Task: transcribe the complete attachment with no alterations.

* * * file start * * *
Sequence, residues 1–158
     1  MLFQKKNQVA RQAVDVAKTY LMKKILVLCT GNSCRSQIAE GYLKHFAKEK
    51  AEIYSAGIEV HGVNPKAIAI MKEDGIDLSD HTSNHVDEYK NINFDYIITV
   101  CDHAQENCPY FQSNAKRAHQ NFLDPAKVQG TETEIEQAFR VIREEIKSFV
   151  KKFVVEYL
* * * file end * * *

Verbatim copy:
Sequence, residues 1–158
     1  MLFQKKNQVA RQAVDVAKTY LMKKILVLCT GNSCRSQIAE GYLKHFAKEK
    51  AEIYSAGIEV HGVNPKAIAI MKEDGIDLSD HTSNHVDEYK NINFDYIITV
   101  CDHAQENCPY FQSNAKRAHQ NFLDPAKVQG TETEIEQAFR VIREEIKSFV
   151  KKFVVEYL